Everyone has dealt with the incentive that failed to feel like a reward. Examples: The prepaid gift card one’s cable provider is desperately trying to get them to take. Or the sign-on bonus offered by a phone provider worth a month of free service loaded onto a gift card. The consumer isn’t opposed to getting free money, Ingo Money CEO Drew Edwards said in a recent conversation with Karen Webster, it’s that the prepaid gift card doesn’t work for them, nor the process to collect it. It’s supposed to be an incentive, he said, but it actually functions as a layer of friction that consumers would just as soon avoid.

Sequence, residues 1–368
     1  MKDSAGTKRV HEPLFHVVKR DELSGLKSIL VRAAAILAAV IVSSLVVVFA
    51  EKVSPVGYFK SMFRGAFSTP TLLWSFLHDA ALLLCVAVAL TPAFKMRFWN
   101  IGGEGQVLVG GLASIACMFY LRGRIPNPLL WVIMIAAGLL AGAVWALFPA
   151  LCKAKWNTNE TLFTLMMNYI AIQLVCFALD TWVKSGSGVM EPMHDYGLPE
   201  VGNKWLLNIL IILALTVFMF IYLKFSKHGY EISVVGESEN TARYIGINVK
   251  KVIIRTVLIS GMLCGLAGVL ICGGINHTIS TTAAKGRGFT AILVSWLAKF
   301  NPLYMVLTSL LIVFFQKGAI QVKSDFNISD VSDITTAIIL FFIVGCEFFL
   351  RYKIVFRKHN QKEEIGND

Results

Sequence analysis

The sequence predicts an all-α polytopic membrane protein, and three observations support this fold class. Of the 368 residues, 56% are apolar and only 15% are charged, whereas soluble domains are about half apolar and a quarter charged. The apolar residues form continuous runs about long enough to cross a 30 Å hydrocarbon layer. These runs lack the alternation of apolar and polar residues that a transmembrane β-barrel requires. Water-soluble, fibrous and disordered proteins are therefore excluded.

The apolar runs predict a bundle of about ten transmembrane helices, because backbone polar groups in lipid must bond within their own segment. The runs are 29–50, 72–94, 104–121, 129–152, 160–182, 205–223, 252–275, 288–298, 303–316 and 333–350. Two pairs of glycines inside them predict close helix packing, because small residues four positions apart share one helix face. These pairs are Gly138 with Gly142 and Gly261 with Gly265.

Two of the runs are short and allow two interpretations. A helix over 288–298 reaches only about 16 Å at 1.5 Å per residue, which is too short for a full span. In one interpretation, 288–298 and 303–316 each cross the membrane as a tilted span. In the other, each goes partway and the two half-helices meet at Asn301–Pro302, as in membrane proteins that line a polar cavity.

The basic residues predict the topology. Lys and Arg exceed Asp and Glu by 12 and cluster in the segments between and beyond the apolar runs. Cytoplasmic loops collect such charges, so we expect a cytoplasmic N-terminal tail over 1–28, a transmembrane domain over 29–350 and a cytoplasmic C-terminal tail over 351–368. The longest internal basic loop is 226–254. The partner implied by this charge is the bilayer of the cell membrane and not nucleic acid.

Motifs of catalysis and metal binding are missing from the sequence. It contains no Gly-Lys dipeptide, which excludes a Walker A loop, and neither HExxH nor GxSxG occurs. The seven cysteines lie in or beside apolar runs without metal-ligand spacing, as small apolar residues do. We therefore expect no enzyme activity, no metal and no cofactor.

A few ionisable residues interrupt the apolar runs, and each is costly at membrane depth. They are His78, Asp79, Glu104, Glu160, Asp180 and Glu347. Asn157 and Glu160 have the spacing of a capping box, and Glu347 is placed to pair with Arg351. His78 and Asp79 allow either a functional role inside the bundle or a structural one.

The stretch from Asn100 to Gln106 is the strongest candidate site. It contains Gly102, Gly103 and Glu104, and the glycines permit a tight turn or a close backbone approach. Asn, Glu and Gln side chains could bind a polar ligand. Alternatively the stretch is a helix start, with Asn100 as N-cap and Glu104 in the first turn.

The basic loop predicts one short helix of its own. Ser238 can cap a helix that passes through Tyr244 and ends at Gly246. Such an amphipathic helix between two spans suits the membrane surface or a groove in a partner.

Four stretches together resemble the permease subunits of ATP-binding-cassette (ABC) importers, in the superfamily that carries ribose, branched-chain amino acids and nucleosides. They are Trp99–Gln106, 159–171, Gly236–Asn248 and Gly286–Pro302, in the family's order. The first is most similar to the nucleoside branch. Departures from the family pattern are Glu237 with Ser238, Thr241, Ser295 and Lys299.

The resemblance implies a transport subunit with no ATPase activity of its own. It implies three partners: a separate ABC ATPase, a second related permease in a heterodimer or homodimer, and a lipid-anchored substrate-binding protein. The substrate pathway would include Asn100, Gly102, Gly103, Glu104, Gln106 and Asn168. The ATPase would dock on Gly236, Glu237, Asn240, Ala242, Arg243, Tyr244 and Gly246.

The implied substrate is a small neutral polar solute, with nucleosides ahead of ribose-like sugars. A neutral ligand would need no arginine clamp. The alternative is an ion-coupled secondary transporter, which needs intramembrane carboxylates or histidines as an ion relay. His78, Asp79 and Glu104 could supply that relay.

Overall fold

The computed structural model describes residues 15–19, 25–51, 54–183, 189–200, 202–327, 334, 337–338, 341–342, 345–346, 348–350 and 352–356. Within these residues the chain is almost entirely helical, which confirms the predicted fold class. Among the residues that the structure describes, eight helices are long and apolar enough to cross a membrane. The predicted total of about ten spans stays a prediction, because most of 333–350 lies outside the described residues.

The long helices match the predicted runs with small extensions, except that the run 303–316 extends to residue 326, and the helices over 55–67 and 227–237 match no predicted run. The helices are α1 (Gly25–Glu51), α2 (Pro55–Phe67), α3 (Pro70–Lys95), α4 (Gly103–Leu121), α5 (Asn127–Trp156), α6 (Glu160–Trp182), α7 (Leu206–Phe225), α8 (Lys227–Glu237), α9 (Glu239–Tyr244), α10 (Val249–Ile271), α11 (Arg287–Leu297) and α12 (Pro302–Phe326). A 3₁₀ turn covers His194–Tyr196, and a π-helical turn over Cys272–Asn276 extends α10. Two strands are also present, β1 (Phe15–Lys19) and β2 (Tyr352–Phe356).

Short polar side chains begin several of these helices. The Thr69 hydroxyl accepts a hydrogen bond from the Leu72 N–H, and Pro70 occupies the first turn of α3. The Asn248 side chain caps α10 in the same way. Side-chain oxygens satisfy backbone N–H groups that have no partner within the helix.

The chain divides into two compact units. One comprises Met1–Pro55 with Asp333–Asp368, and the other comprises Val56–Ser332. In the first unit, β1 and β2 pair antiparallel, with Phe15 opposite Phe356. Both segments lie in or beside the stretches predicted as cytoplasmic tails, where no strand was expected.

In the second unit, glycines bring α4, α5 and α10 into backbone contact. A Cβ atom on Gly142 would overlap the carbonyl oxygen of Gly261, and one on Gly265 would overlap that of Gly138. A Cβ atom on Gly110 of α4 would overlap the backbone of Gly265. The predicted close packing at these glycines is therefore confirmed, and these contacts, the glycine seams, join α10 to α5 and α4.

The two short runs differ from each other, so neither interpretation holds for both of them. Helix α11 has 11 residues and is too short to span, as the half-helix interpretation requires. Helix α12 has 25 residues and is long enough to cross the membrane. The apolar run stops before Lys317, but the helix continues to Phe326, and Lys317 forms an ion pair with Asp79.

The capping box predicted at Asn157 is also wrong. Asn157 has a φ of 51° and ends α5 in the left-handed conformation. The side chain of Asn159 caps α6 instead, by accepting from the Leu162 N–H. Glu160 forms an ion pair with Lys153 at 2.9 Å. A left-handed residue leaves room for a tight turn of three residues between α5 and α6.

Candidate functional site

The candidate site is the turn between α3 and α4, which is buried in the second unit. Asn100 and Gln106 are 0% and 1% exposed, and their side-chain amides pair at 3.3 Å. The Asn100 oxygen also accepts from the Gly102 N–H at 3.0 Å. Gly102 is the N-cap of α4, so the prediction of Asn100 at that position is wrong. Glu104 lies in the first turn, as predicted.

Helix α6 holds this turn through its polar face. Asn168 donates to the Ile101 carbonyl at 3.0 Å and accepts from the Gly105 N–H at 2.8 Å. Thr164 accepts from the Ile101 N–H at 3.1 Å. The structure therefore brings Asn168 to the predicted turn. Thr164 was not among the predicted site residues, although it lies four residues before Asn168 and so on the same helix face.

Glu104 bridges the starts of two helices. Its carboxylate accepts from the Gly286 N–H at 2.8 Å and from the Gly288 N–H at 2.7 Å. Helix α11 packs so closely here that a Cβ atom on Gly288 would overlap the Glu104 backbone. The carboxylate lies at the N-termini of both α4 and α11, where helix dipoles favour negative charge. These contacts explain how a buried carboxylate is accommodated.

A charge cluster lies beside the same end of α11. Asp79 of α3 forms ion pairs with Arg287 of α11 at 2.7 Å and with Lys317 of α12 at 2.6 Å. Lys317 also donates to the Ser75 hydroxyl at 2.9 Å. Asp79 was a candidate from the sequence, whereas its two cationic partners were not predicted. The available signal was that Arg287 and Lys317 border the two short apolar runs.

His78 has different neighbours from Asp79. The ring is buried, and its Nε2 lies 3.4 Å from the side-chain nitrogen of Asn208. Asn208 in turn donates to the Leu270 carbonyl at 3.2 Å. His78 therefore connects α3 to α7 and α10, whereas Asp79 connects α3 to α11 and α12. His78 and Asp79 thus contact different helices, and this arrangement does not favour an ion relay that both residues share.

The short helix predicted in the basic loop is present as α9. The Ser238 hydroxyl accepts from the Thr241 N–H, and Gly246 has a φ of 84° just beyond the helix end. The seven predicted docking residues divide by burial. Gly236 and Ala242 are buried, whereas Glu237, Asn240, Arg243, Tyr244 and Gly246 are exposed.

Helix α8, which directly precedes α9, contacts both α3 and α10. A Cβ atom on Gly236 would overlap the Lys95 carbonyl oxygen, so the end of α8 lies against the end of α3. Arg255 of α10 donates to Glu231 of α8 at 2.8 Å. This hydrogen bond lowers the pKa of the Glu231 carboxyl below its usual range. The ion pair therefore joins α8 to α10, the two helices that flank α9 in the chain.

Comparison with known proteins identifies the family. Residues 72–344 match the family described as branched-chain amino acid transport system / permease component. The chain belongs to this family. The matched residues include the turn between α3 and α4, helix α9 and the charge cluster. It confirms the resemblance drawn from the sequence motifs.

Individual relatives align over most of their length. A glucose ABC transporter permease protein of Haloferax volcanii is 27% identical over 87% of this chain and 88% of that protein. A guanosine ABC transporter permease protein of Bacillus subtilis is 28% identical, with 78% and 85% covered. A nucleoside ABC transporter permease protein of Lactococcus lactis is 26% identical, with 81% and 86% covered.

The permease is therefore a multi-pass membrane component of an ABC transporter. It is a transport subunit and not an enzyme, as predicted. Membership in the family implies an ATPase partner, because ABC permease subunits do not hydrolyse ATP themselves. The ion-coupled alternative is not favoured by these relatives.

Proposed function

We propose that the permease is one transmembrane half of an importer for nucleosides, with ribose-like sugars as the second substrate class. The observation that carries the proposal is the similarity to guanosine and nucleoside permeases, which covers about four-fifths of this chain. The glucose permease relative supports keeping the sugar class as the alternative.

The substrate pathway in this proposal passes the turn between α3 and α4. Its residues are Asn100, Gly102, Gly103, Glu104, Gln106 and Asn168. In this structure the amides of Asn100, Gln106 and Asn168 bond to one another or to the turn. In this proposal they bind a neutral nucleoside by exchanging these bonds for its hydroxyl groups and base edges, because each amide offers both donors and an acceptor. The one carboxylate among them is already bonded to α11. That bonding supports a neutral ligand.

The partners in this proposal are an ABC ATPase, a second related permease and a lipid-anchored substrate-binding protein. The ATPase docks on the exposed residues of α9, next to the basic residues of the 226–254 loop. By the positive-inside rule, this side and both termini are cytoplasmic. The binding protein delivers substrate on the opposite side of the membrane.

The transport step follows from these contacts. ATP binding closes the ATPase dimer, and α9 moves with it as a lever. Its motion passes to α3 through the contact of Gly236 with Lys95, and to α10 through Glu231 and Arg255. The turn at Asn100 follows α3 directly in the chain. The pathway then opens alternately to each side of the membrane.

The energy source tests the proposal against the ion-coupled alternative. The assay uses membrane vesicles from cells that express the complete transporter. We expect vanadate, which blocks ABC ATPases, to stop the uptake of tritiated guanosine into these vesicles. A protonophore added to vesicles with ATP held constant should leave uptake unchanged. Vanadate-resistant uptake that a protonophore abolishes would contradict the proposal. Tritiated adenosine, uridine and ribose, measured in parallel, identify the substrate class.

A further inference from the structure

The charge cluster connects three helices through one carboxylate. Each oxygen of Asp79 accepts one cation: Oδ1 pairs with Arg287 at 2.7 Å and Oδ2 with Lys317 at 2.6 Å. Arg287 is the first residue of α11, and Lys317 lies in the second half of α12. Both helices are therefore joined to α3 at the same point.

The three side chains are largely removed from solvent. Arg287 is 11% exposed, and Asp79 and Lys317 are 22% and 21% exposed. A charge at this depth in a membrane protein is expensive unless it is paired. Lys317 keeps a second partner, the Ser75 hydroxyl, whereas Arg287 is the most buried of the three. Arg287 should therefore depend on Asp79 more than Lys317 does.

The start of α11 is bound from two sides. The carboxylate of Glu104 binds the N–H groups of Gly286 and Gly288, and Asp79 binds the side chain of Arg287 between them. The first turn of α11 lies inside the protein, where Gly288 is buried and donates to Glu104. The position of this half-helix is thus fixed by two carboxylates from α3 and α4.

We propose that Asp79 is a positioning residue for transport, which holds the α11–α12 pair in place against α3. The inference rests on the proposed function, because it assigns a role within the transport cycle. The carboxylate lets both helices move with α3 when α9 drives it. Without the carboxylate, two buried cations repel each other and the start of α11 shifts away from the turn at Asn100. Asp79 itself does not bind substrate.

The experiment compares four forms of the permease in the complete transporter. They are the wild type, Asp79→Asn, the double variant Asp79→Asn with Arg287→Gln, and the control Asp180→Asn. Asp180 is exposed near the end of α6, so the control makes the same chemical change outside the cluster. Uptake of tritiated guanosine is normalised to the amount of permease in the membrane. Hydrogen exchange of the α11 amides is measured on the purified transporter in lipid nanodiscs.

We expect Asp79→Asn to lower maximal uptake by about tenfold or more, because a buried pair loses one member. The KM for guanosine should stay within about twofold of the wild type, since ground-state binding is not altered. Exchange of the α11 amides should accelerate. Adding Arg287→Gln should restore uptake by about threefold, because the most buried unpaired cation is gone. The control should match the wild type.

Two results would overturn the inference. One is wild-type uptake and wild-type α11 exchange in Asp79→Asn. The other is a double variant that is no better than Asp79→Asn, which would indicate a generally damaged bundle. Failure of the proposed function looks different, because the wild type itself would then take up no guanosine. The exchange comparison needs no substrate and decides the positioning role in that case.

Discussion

A similar problem, he said, happens in instant payments. They are becoming the hot new feature that an increasing hoard of digital challengers are offering up. The problem, Edwards and Webster agreed, is that these players are only offering instant payments as a feature for their own properties. Apple Card rewards pay instantly — to the users Apple Cash card; gig employers pay instantly — to their own prepaid card or digital wallet. The examples go on and on, Edwards said, but what they all have in common is they aren’t really instant payments, no matter how fast the money moves. Because the money isn’t moving to the right place.
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